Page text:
more veggies at Zucchini’s
not so much, really
Great taste, great texture
Zucchini’s vegan burger
THAT was excellent
How fun to be in Cape Town, a cosmopolitan city with so much to offer – food, activities, shopping, adventure.
Let me begin with the places that are not considered veggie restaurants but that have vegetarian/vegan options, keeping in mind french fries, to me, the easiest universally vegan food, can be found practically everywhere.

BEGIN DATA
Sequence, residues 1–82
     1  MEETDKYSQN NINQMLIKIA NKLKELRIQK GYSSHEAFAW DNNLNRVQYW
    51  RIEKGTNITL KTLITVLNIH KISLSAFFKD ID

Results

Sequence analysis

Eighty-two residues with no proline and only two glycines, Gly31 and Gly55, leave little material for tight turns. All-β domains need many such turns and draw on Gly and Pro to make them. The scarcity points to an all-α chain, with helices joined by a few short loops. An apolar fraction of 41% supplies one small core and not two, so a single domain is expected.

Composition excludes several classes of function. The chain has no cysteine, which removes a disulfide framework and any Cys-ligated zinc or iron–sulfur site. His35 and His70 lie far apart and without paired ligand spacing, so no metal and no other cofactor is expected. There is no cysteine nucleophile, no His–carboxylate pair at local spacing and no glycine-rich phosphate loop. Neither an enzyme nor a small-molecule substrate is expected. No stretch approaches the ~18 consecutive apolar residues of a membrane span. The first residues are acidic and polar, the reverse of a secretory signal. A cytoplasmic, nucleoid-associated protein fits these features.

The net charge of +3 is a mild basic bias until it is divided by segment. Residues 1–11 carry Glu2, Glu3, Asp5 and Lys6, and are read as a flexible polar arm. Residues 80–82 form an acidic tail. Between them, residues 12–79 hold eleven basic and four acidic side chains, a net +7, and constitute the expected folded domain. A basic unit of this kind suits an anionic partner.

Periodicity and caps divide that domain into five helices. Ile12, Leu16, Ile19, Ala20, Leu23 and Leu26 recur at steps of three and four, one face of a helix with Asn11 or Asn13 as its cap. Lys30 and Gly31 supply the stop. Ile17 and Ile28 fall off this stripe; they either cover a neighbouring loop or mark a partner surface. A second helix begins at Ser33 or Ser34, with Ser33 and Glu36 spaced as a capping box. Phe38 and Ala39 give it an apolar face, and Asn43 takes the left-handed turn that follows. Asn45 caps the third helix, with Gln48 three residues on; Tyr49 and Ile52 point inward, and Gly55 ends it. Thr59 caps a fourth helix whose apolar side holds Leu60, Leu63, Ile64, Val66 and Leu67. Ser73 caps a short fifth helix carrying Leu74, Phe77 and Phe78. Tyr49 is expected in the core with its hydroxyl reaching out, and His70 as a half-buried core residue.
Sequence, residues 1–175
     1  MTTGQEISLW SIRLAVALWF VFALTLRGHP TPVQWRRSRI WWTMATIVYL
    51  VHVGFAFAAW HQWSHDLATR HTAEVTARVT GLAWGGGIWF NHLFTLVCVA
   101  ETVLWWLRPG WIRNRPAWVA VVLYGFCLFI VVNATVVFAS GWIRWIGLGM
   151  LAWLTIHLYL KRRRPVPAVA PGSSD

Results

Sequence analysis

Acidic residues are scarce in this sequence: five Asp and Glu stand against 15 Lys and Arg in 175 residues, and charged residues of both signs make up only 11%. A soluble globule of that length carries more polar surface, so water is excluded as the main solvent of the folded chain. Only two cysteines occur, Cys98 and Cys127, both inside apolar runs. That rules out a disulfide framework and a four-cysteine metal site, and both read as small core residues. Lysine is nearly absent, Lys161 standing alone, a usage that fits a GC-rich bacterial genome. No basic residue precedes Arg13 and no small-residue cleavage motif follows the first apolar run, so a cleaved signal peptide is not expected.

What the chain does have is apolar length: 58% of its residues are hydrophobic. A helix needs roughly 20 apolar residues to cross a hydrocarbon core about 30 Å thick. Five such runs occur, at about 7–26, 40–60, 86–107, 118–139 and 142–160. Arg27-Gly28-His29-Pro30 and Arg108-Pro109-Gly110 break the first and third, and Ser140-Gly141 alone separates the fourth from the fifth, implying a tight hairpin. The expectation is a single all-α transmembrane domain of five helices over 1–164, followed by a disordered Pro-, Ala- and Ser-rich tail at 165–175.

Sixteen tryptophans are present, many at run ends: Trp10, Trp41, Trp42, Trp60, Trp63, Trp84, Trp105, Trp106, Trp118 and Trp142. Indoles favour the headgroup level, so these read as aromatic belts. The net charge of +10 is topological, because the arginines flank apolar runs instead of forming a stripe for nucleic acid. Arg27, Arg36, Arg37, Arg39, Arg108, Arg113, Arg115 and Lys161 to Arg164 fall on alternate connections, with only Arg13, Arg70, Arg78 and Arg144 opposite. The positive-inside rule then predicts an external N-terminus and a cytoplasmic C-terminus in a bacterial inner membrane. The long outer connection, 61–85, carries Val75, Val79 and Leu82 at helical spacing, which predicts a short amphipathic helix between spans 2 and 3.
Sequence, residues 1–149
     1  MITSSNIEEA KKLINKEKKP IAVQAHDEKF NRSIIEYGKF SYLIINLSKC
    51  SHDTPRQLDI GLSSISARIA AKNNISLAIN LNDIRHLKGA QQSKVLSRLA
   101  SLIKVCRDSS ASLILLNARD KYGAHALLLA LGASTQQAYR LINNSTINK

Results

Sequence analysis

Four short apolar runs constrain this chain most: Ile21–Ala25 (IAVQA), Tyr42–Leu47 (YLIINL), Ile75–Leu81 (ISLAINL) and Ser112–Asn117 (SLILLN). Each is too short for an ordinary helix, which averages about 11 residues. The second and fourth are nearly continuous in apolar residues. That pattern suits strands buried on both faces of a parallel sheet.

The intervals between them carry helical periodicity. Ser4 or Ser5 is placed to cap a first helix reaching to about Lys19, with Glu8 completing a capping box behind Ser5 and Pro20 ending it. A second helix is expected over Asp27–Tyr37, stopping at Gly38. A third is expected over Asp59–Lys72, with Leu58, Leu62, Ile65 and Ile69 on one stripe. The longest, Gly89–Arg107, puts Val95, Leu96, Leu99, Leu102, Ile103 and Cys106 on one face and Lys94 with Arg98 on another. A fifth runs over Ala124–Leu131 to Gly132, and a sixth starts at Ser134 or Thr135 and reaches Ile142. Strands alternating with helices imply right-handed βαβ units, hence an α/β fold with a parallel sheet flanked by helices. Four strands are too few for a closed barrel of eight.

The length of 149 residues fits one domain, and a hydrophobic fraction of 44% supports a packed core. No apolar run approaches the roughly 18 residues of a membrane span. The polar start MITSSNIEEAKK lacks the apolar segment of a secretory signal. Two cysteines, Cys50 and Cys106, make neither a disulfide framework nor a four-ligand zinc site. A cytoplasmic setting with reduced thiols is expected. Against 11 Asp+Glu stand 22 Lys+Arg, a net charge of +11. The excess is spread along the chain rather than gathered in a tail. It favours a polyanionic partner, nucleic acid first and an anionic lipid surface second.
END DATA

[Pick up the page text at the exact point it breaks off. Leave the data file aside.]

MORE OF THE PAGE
Which brings me to this: Vegan. Much like the arteries of a human carnivore, it’s a word that has become clogged over time. Vegan does not correlate to difficulty or hunger despite what some may believe. Au contraire, vegan is about abundance – of health, of life. It’s not complicated, and it’s barely different. I’d bet my pinky finger you eat vegan food everyday. Oatmeal for breakfast? Replace the cow’s milk with soy or almond milk. Vegan. PB & J for lunch? Vegan. Salad at dinner? Removing the salmon or chicken or other animal bits, vegan. Vegan fare is simply food that comes from plants. It’s not new-fangled or weird. I suspect you already eat plant foods everyday, a few times a day. And the protein argument will never ever work for me. All plants have protein. All the protein you need can come from plants. I was an endurance athlete as a vegan – running 18 miles up and down mountains and skating 30 miles races. I had plenty of protein and plenty of energy. Here’s a great article from VegNews: 3 Myths about Protein and a Plant-Based Diet